Camp Nelson was a large Union quartermaster and commissary depot, recruitment and training center, and hospital facility located in southern Jessamine County, Kentucky, six miles south of Nicholasville. Camp Nelson is the nation's best preserved large Civil War depot, hospital, and recruitment and refugee camp because of its landscape and archeological deposits. Camp Nelson played an important role in the freedom of Kentucky's enslaved population. It served as a Union depot within a slave-holding but Union-leaning state, and as a recruitment and refugee camp for formerly enslaved African Americans. After March 1864 it became Kentucky's largest recruitment and training center for African American troops. It also contained a large refugee camp for the wives and children of these soldiers. The camp was established in June 1863, under orders of Major General Ambrose Burnside, commander of the Army of the Ohio, and it stood until June 1866. Historic maps, archeological investigations, photographs and detailed descriptions provide an idea of the appearance of the camp.
Camp Nelson's significance as an Underground Railroad site began with the Conscription Act of February 1864 which authorized the creation of United States Colored Troops in Kentucky. Soon after, thousands of enslaved men, women, and children escaped slavery and sought freedom in this Union enlistment camp. By the end of 1865, when the 13th Amendment finally ended slavery in Kentucky, 10,000 African American men had enlisted and been emancipated at Camp Nelson.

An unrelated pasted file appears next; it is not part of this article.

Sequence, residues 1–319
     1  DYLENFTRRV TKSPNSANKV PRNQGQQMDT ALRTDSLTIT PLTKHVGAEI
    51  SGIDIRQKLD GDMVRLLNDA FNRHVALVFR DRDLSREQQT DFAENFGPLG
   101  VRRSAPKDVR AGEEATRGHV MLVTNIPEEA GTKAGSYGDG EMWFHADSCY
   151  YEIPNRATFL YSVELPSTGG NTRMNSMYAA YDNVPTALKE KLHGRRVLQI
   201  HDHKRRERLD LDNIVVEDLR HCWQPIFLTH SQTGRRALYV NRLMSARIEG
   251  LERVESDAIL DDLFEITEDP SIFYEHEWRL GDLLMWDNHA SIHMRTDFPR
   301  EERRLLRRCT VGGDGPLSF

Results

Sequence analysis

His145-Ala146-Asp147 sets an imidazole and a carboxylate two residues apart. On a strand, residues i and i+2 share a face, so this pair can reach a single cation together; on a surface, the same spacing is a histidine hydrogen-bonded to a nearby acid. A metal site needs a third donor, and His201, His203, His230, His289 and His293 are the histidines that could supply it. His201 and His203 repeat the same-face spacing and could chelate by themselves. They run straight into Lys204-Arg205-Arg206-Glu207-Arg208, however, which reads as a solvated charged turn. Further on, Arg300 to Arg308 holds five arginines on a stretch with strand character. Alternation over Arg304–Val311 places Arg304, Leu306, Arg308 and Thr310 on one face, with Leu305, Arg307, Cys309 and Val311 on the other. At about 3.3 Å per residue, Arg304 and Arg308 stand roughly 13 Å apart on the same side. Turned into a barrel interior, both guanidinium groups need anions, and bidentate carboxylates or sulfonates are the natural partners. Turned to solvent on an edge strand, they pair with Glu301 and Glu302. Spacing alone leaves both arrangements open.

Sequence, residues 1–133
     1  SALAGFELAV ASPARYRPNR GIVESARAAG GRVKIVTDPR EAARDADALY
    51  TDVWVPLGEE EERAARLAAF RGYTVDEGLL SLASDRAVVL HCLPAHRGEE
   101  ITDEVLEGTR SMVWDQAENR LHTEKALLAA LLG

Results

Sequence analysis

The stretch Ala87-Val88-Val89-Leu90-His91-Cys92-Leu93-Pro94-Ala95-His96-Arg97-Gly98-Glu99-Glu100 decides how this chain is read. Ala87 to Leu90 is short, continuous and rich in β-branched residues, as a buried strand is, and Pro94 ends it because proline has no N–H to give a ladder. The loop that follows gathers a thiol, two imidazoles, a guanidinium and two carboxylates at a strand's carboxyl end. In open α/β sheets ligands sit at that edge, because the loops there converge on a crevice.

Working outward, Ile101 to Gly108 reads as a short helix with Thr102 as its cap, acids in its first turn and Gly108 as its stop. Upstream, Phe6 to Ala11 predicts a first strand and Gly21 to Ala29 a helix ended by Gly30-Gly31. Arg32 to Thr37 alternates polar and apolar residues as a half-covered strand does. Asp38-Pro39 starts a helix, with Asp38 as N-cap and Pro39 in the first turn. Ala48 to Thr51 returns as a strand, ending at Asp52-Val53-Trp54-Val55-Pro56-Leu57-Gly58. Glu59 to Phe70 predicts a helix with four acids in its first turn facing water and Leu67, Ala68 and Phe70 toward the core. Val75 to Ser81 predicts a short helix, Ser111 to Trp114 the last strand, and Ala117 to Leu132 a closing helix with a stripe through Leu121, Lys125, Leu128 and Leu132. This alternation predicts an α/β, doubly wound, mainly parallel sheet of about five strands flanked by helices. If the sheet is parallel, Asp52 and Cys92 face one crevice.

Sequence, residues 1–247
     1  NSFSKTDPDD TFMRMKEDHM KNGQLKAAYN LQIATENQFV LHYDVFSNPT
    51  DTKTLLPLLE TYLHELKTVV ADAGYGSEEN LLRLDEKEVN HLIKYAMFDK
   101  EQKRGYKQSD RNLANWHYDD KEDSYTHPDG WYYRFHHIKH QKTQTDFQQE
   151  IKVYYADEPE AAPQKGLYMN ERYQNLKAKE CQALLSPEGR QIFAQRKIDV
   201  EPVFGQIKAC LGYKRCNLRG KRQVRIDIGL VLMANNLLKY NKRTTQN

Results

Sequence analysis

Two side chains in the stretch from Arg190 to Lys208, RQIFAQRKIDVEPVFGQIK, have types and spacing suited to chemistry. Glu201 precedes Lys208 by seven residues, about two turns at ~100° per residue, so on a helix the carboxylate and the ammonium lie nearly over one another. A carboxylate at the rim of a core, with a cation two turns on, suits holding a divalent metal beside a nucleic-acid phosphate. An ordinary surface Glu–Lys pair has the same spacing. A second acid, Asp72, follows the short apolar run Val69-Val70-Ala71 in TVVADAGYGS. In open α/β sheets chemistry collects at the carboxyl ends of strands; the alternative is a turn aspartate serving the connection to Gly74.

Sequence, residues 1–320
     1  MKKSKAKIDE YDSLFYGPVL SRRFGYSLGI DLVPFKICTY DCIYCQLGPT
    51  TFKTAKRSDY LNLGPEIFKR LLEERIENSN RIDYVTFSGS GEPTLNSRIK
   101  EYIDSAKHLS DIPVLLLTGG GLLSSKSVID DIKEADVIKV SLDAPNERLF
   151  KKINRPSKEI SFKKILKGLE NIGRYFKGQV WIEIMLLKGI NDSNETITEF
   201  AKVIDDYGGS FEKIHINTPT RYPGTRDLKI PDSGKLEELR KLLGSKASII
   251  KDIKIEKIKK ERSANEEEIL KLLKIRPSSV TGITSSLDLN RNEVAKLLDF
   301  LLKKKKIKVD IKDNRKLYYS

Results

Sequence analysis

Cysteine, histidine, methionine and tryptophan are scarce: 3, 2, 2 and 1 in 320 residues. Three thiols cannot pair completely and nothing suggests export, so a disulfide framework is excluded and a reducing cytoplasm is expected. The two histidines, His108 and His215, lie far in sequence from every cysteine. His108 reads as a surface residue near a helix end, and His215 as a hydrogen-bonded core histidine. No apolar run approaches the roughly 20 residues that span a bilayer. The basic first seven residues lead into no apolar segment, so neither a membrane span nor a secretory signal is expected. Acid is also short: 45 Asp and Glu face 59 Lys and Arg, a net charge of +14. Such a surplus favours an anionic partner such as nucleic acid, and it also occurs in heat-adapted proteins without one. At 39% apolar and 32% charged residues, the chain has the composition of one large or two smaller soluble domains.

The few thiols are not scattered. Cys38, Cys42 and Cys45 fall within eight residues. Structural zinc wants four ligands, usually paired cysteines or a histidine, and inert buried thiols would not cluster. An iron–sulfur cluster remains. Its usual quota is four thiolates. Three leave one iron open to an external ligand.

Unfortunately for the soldiers' wives and children, emancipation did not come immediately upon their husband or father's enlistment. They were still legally enslaved and in November 1864 they were ejected from camp. Due to freezing weather about 100 of the 400 refugee women and children died after this ejection and a national uproar occurred. This uproar led to a reversal in the army's policy and the construction of the "Home for Colored Refugees" at Camp Nelson. Ultimately, it led to the March 1865 Congressional act freeing the wives, children, and mothers of United States colored troops. To many African Americans Camp Nelson was synonymous with freedom, as a United States Colored Troops sergeant stated in 1865: "It used to be five hundred miles to get to Canada from Lexington, but now it's only eighteen miles! Camp Nelson is now our Canada."
Camp Nelson is now Camp Nelson Heritage Park which is located at 6614 Danville Road,
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